As a story Watchmen is excellent, and the story and spirit survives utterly intact on the big screen. It's a whodunnit set in a world of masked vigilantes and a solitary superbeing, framed against the extreme cold war paranoia of an alternate reality 1980s that works as a philosophical and psychological analysis of the superhero genre and a debunking of some of the tropes. On screen it works wonderfully. Snyder has taken real care to reproduce the world that Moore and Gibbons created: where Spider-Man 2 (and no other comic adaptation I can recall) dallied with recreating famous frames and scenes from comic history, Watchmen goes for broke - whole swathes of dialogue and image from the book are recreated with faith and love. One of the finest sequences in the film - the origin of Dr Manhattan - takes the escalating emotion of the same scene from in book and relays it without alteration or embellishment to a Philip Glass soundtrack. It is remarkable and supremely moving and, crucially, it is cinematic.

One of the great things about the Watchmen comic is that is about the form as much as the story - panels are reproduced, reflected and referenced throughout, there is an intercut comic-within-a-comic that lays down another layer of cultural signifiers and psychological insight, between chapters there are excerpts of books and news articles from this imaginary world. Dr Manhattan, a superhuman made of energy, experiences time very differently from the rest of us: where we see a narrative, an unstoppable flow (like the viewer of a film in a cinema) he sees his past and future simultaneously in a big picture (like the reader of a comic book is encouraged to do). So parts of the overall Watchmen conceit are closely tied to the form and defy conversion from the page - but I would argue that such things shouldn't prevent attempts to adapt and/or reinterpret a story. Most great books work in exactly the same way, and for the gits chorus of comic book fans complaining about Snyder's film to suggest that Moore's writing is some untouchable holy grail, well, try going to library.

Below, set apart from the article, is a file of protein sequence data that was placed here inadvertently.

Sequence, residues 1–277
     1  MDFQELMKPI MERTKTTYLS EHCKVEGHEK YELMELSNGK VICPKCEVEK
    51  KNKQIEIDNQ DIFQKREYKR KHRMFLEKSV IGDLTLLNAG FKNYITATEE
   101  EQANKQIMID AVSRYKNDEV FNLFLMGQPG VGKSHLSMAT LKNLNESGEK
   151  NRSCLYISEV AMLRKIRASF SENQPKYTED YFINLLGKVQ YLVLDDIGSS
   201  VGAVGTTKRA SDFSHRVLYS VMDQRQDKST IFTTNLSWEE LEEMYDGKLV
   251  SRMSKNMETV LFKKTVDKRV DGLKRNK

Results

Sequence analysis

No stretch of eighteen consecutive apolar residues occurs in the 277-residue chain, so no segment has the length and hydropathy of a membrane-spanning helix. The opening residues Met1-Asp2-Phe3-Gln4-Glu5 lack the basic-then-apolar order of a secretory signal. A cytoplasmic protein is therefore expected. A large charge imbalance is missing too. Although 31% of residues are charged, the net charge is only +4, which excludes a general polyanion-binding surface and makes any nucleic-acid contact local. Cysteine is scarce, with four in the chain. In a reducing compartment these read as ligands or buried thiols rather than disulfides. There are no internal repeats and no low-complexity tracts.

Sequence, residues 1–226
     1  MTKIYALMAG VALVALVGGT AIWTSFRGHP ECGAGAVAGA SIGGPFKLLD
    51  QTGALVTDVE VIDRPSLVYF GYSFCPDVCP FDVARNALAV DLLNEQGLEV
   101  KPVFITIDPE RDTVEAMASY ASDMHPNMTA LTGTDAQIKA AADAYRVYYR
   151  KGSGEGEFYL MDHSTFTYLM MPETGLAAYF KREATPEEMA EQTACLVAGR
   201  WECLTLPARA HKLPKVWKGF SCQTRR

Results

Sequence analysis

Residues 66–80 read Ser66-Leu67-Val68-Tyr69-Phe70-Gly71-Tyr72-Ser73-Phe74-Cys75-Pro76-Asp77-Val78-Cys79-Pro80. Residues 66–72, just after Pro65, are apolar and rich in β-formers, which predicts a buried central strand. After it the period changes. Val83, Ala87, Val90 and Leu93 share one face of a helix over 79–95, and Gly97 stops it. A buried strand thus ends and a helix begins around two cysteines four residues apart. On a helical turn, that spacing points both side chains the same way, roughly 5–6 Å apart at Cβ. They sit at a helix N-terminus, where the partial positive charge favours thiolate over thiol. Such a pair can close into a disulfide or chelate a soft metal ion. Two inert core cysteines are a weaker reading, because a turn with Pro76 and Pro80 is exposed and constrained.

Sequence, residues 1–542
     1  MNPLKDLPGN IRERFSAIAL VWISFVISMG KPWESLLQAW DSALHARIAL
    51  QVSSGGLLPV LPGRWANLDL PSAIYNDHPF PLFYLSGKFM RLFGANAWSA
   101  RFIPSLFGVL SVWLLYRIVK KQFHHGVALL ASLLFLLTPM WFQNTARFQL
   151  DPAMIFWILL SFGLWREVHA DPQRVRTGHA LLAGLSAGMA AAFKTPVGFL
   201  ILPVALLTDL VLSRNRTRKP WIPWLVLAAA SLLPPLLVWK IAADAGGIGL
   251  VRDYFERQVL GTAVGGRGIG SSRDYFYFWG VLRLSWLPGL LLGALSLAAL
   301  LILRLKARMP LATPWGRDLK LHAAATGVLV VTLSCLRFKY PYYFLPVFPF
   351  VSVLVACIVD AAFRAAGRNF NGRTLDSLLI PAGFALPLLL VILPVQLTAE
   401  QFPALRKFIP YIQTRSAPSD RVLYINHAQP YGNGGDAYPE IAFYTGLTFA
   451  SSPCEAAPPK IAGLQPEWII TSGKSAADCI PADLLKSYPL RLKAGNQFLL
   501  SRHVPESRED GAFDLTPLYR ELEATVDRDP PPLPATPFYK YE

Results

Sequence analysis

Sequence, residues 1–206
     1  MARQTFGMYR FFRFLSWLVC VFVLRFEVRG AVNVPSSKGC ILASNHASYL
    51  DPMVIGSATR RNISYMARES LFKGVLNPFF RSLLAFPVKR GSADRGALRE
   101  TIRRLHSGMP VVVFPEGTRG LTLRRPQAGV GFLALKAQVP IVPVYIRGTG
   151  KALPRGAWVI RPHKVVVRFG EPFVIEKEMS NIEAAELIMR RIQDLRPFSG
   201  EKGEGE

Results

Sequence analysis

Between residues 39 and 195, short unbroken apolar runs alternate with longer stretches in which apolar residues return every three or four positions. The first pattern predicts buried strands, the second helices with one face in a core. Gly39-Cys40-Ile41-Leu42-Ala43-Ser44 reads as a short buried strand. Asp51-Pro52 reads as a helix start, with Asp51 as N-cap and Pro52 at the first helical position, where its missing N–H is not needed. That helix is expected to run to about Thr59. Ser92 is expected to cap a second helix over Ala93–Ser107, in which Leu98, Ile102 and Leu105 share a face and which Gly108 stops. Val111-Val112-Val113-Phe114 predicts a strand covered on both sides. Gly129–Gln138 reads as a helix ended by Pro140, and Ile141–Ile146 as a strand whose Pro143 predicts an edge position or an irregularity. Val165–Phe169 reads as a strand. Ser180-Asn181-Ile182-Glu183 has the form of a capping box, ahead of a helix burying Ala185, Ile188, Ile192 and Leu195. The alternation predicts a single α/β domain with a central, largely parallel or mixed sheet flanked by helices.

Any fans of the book should not fear, and see what a remarkable job they've done in translating it. Anyone who doesn't know anything about the book should go and see an immaculate story extremely well told. And people with sense will treasure and admire the achievements of both page and screen tellings.

My formative albums

I was tagged to do this by ultraruby, and I'm feeling nostalgic. In the chronological order I heard them:

1) Cat Stevens - Teaser and the Firecat

Because Dylan is too dense for little kids. My dad used to play this album (and Tea for the Tillerman and Catch Bull at Four, but this was my favourite) a lot when I was small. It's a gentle, folky, sad and romantic record, and Cat sounds wistful and exotic. It gets a bit hippyish at the of the album, but it gets poppier at the same time so it balances out - I still utterly adore it. It also has a version of Morning Has Broken on it, and we used to have to sing that at school. Note to Coldplay: do a version of The Ink is Black, The Page is White and you might win some Brits.

2) Queen - Sheer Heart Attack

The other end of my dad's record collection had this: heavy, fast, massive solos, pretension and theatrics. Sheer Heart Attack is by no means a great album, but it's a lot of fun when you're eight years old. We had Queen's Greatest Hits album too, and I loved that, but there was a fascination with the way things on here strayed away from the rest of the pop music I heard.

3) David Bowie - Fame and Fashion